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Malaysian Airlines MH370 contact lost

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Malaysian Airlines MH370 contact lost

Old 13th Mar 2014, 22:30
  #2941 (permalink)  
 
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flash8 How is the engine data transmitted?

Does the Engine send data via one of the ARINC buses to a RR decoder/transmitter device in the bay and then to an existing antenna for onward dissemination?


Usually it is through ACARS either via Sat, VHF Data, or HF Data. Maybe this aircraft had its own antenna.
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Old 13th Mar 2014, 22:31
  #2942 (permalink)  
 
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If the new search area is now to the northwest of the Strait of Malacca, into the Andaman Sea, the plane had to change its heading.

The Malaysian authorities stated it was last observed on their radar near Palau Perak a small island, at the top and middle of the Strait, located west northwest of Georgetown on the west coast of Malaysia. Palau Perak is west southwest of the position when the transponder signal was lost. If it did not change its heading, the plane would overfly northern Indonesia, the province of Aceh, devastated by the tsunami.

So if you have engines running, communication link still functioning, and a change in heading.....
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Old 13th Mar 2014, 22:42
  #2943 (permalink)  
 
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White House: Hunt for missing airliner may extend to Indian Ocean - The Washington Post

One senior administration official said the data showing the plane engines running hours after contact was lost came from the Aircraft Communications Addressing and Reporting System, or ACARS, a way that planes maintain contact with ground stations through radio or satellite signals. The official said Malaysian authorities shared the flight data with the administration.
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Old 13th Mar 2014, 22:48
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One senior administration official said the data showing the plane engines running hours after contact was lost came from the Aircraft Communications Addressing and Reporting System, or ACARS,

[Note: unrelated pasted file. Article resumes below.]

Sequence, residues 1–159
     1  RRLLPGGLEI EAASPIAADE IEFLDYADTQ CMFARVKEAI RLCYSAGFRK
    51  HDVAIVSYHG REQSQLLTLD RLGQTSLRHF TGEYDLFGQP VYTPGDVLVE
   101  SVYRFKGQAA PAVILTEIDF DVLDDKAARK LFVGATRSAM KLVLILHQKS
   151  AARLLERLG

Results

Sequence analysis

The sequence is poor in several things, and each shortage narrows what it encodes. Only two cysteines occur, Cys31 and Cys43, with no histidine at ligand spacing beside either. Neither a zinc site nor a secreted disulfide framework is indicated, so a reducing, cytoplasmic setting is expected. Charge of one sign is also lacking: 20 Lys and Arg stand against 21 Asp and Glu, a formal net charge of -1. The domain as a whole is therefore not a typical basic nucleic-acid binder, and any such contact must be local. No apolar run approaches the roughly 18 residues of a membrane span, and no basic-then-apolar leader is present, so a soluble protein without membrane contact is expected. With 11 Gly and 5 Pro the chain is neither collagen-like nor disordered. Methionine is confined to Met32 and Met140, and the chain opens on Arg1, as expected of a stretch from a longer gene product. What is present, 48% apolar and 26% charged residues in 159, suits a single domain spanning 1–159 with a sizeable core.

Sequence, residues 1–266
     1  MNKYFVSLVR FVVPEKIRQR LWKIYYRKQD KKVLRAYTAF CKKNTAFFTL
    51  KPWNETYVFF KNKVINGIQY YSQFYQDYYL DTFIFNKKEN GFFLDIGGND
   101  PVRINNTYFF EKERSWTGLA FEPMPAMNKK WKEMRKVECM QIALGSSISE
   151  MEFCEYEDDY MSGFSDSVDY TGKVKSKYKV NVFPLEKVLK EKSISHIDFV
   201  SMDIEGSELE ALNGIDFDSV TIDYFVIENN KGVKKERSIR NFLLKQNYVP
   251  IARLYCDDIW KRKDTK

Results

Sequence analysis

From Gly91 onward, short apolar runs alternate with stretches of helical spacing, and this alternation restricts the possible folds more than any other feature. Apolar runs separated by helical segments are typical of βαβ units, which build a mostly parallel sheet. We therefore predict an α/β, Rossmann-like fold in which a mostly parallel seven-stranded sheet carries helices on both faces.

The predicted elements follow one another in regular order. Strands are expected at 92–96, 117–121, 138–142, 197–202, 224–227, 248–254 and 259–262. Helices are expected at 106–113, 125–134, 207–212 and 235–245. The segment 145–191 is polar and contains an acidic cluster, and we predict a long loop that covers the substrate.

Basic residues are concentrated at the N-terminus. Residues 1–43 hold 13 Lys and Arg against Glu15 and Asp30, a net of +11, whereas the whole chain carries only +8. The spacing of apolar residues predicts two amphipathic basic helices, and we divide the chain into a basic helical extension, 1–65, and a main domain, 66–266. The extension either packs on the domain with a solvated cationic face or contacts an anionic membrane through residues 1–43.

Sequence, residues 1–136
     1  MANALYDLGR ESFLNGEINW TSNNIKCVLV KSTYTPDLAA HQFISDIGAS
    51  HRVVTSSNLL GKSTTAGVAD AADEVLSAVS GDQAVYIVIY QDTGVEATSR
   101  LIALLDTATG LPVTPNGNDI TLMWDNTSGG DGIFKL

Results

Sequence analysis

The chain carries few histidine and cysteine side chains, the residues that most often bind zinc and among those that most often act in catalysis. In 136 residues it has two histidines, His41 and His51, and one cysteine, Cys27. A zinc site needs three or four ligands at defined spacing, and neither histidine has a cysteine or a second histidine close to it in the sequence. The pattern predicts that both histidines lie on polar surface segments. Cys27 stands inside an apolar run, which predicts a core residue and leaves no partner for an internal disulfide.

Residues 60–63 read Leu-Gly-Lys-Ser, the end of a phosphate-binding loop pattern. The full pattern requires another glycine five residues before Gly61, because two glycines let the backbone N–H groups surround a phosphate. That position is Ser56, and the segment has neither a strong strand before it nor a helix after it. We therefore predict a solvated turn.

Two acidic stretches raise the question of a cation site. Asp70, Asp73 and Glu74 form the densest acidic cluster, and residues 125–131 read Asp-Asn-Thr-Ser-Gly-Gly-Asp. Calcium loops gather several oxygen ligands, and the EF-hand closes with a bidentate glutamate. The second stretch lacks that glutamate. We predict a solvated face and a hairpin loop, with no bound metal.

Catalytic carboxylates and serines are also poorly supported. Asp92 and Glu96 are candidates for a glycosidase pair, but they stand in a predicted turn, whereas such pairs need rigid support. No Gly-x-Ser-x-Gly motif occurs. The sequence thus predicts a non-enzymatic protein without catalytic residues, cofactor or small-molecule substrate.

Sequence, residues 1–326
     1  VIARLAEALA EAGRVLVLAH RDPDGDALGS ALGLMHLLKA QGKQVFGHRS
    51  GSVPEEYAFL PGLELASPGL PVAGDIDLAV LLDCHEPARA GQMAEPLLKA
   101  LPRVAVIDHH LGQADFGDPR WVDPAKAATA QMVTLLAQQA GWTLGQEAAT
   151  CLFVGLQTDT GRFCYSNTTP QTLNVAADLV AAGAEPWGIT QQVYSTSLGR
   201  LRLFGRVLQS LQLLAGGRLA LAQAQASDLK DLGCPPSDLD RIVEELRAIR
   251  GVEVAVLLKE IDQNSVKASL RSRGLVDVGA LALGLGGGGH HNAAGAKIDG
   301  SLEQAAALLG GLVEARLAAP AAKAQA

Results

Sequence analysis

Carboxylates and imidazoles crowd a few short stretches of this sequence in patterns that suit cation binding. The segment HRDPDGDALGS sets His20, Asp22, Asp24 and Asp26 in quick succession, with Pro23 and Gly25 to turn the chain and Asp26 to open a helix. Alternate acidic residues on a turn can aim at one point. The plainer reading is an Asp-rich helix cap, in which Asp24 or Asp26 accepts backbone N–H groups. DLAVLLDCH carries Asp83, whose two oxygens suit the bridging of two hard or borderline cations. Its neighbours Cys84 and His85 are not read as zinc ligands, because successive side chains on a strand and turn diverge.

Are they suggesting ACARS was operational but the only thing transmitted was engine data? Strange that the airline did not report this.
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Old 13th Mar 2014, 22:48
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If the a/c flew to Pulau Perak, then it flew right above Langwaki International Airport. No detection by radar ?
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Old 13th Mar 2014, 22:51
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How many runway options are there for a B777 on the Andaman and Nicobar Islands?
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Old 13th Mar 2014, 22:55
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re: "And you go to Car Nicobar????"

not at all likely, since India is deploying SAR assets from that airport, Washington Post quote below:

"Indian coast guard and navy aircraft were also pressed into service from a base on the Andaman and Nicobar Islands. A senior Indian official said late Thursday that a total of three ships, two planes and a helicopter have now been dispatched in the growing search effort."
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Old 13th Mar 2014, 22:58
  #2948 (permalink)  
 
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Re-post 2968

There is no access to E&E bay from the flight deck. Two-Thirds of CBs are located in the E&E bay including the Sat Com CBs

But then different airlines different configurations as to location of sat com cbs
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Old 13th Mar 2014, 23:02
  #2949 (permalink)  
 
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How is the engine data transmitted?
No FADEC (at least on Boeing) has it's own downlink capability. Engine data is sent to the airplane over ARINC 429 (in the case of the 777) where other systems (e.g. ACARS) downlink and/or store the data.
Assuming Engine Condition Monitoring reports were actually transmitted, I'd expect them to include altitude, airspeed, and total temp in addition to the actual relevant engine data. Lat and Long would not typically be included in ECM downlink.